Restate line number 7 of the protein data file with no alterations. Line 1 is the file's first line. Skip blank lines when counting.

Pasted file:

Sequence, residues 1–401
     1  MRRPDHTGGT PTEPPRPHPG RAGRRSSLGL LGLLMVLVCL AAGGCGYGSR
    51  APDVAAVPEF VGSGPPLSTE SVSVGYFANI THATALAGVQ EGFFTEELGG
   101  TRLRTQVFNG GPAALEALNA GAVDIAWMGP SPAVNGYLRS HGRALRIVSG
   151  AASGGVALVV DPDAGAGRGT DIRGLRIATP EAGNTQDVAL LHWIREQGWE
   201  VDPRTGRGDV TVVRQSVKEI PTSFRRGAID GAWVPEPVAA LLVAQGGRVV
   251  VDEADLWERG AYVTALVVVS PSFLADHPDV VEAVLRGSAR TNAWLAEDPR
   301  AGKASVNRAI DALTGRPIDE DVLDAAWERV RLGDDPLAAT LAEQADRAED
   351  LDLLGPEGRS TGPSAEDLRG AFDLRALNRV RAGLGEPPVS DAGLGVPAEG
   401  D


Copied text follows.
   251  VDEADLWERG AYVTALVVVS PSFLADHPDV VEAVLRGSAR TNAWLAEDPR